Contemporary works created into the 2010s stand in contrast by demonstrating how artists have, over time, become more attuned to the monumental impact that humans, technology, mining, and other industries have had on the natural world, with a number examining the ongoing legacy of pollution specifically. Works by artists such as Edward Burtynsky, whose work was featured in a survey exhibition at Phoenix Art Museum in 2016, as well as those by David Emitt Adams, Martin Stupich, and Robert Adams, explore the environmental costs of our global reliance on mined materials. The exhibition also includes a work by contemporary fine art photographer Cara Romero, an enrolled citizen of the Chemehuevi Indian Tribe who uses photography as a tool to resist Eurocentric narratives and spotlight the diversity of living Indigenous peoples. Titled Oil Boom (2015), Romero’s photograph stands as commentary on the experiences of Indigenous peoples globally who have been displaced from traditional lands for oil pipelines and other mining ventures, while also making a more universal statement about communities polluted by the industry.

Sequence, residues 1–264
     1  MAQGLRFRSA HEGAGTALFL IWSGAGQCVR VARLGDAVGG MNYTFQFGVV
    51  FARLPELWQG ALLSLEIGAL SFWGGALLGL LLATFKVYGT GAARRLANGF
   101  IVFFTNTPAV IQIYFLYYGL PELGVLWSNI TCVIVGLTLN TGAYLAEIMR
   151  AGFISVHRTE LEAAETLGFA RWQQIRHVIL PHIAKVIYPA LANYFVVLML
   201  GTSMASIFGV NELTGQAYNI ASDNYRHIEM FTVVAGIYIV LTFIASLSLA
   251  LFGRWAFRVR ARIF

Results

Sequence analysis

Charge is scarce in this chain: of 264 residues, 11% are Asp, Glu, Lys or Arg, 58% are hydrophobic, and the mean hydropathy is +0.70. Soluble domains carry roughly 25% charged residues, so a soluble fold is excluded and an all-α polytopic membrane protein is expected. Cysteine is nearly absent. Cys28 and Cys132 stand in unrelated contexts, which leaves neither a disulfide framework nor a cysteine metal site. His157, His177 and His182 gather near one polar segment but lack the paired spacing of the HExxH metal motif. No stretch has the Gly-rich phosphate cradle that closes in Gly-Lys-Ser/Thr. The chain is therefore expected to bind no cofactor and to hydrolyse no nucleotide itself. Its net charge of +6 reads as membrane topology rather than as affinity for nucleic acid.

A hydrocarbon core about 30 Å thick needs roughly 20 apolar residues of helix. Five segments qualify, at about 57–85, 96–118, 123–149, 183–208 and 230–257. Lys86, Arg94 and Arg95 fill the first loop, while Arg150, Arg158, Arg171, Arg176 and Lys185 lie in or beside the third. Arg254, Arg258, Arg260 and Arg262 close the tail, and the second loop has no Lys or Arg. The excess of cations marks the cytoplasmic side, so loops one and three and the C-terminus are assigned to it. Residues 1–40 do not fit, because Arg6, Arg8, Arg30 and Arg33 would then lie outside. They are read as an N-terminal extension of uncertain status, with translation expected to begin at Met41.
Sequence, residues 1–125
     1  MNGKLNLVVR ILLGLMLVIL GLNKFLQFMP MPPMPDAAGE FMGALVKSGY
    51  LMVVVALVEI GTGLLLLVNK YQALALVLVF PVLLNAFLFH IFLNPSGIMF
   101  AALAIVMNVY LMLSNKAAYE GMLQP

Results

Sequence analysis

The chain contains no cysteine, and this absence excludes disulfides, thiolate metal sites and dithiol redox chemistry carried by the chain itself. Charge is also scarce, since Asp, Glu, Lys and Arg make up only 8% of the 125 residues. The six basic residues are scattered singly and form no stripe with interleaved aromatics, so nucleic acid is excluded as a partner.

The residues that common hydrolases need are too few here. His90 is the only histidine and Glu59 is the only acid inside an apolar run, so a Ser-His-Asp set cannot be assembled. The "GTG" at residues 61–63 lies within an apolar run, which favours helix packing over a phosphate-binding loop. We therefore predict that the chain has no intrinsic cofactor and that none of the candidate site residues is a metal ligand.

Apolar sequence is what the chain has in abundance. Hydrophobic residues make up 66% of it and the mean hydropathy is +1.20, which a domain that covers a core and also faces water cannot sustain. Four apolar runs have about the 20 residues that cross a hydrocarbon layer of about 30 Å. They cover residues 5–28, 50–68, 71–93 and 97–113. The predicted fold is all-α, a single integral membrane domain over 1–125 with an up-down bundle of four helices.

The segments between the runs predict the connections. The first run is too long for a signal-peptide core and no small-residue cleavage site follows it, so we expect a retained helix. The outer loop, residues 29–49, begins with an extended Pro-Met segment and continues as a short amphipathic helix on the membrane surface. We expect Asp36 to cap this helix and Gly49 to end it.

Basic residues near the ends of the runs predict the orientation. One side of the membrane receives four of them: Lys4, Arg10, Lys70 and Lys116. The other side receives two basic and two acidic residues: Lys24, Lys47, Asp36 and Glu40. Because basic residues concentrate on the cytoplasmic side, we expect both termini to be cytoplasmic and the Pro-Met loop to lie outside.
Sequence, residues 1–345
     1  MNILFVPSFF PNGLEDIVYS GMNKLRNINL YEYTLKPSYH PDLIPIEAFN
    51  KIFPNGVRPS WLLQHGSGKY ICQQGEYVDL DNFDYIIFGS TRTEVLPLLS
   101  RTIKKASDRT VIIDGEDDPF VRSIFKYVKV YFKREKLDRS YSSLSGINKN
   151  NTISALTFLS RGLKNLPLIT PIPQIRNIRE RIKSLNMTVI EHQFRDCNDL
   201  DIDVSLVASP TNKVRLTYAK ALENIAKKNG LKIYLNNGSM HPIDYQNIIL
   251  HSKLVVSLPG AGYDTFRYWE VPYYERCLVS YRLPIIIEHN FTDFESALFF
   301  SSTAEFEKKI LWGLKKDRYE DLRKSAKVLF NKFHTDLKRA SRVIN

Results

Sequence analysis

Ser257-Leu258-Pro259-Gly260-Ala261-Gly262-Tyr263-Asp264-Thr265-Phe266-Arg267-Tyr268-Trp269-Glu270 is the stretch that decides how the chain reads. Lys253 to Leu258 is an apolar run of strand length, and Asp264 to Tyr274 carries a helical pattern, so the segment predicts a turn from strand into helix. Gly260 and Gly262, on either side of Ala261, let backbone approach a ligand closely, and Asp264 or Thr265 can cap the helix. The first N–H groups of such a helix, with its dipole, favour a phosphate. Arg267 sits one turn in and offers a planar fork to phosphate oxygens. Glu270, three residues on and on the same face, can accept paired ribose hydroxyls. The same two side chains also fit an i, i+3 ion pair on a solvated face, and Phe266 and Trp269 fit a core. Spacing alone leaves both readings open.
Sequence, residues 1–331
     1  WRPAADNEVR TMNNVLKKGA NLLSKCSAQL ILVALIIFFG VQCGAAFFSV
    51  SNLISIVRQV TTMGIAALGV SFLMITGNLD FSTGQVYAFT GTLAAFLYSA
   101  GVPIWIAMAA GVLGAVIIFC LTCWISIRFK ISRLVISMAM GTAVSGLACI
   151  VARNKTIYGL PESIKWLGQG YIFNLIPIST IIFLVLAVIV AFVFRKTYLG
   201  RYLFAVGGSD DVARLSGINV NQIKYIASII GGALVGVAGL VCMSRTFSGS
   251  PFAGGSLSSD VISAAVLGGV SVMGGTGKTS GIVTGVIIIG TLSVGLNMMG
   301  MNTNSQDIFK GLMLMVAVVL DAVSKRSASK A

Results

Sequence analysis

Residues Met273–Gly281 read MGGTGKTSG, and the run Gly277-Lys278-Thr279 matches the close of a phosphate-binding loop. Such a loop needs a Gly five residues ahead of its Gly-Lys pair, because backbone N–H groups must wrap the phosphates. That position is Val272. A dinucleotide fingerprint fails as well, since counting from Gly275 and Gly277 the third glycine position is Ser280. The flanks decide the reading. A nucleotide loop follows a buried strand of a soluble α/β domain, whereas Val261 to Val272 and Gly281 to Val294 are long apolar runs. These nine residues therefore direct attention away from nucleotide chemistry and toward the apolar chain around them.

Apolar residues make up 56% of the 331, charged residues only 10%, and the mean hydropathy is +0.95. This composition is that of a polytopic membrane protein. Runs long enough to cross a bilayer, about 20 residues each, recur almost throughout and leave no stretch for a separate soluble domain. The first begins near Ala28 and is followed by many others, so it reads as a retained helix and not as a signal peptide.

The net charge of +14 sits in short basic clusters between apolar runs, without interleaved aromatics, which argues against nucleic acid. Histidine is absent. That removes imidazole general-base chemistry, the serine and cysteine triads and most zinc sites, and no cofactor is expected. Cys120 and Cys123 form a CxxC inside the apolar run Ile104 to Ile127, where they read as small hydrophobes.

Landscapes of Extraction offers a panoramic view of the art of mining in the American West that truly spans an entire century of change,” said Betsy Fahlman, PhD, who curated the exhibition. “Through this nuanced framework, we can examine the way artists have reflected society’s shifting perspectives and understanding of both the benefits and the dangers of mining, illuminating how a powerful regional narrative has become a fundamental element of national identity, manifested in natural geographies on a vast scale.”

About the Exhibition